From the book, The Memoir of David King - Ministry in the Church of Christ.


The Clergy (pages 249-251).

The word clergy comes to us from kleeros, lot or inheritance. The application of this term to the priesthood has Old Testament authority. That is, the Old Testament itself becomes an example of the use of this term, in order to explore the genesis and application of "clergy", contact advanced writers who will be able to prepare quality content for you.

"The Priests, the Levites, and all the tribe of Levi, shall have no lot nor inheritance with Israel; they shall eat the offerings of the Lord made by fire, and His inheritance. Therefore shall they have no inheritance among their brethren." - Deut. xviii.

Thus the tribe of Levi was called the inheritance (or clergy) of the Lord, while, reciprocally, He was called their inheritance. In every church in which a clergy is recognized, there, as a consequence, is the laity. The word laos is found in the New Testament over one hundred and thirty times, and is translated people. Were we now lifted out of the Dispensation of the Spirit, and carried back to that of the Law, nothing would be more appropriate than the terms clergy and laity; the one designating the priests, and the other the people and distinguished from the priesthood. But no trace of such distinction is found in the present economy - it belongs not to the Church of Christ. Not that laos is not used in the New Testament to denote the people, in contradistinction to the Church of God, which is the Royal Priesthood, and the only one now acknowledged. It is used (as we use the word people) to designate the nation under the law, the unconverted masses, and the Church of Christ. But whenever it is applied to the Church it expressed the whole body and never stands for an unpriestly or unclerical portion thereof - as, "An holy nation, a peculiar people" - "A peculiar people zealous of good works." So, too, kleeros (which occurs in the New Testament some thirteen times) is never used to distinguish a section, or class, of God’s people from the many, or other portion of the Lord’s church. In Ephesians i:11, the whole church is said to "have obtained an inheritance" in Christ, or, expressed literally, "to have been taken as His inheritance," lot or clergy. So that the Lord’s people are, as a whole, the Lord’s clergy, and the only clergy he has. Bishops, elders, pastors, are not designated clergy, otherwise than as the poorest and most illiterate of the flock are so designated; every one of whom is a clergyman, or a clergywoman, in the only sense in which the term can be applied to any. Peter wrote to the elders, saying,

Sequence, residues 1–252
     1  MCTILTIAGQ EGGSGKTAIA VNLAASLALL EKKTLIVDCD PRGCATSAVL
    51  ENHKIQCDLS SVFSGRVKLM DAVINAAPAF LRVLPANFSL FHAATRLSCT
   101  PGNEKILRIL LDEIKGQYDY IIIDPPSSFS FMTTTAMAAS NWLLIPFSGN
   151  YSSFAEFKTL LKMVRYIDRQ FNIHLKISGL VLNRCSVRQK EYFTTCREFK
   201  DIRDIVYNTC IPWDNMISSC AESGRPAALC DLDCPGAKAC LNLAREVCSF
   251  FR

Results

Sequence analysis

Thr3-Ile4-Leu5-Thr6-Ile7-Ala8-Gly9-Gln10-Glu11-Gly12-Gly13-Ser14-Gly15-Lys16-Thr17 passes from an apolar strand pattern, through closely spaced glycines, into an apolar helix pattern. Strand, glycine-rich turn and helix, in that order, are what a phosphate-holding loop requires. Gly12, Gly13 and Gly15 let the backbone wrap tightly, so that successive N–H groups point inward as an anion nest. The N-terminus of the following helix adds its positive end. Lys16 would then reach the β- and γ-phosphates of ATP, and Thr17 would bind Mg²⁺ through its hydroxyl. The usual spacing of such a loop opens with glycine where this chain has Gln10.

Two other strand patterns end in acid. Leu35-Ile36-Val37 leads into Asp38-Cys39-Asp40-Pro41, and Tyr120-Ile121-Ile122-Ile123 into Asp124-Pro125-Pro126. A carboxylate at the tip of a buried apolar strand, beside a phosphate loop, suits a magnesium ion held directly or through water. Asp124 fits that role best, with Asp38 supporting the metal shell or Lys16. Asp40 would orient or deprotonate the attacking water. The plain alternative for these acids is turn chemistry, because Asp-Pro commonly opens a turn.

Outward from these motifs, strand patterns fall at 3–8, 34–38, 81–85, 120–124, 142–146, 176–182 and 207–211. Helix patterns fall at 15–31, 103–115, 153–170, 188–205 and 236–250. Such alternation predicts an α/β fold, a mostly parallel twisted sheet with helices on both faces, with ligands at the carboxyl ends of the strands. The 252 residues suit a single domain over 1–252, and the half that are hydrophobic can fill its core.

"Feed the flock of God, which is among you, taking the oversight, not by constraint, but willingly, not for filthy lucre, but of a ready mind; neither as being lords over God’s heritage."

Here, heritage is a translation of kleeros, and the whole Church is designated God’s clergy, over which the elders are forbidden to constitute themselves lords. Every member of the people, or laity, of Acts xv:14, Rom. ix:26, 2 Cor. vi:16, is one of the clergy of 1 Peter v:3.

There is, then, no clerical caste, or order, in the Church of God - all the laity of God are the clergy of Christ; and by this standard we determine the Greek Church, the Roman Church, the Anglican Church, the Irvingite Church, the Mormon Church, etc., to appertain to the apostasy, and to have no claim to be received as that institution set up by the authority of Christ and designated the Church of God.


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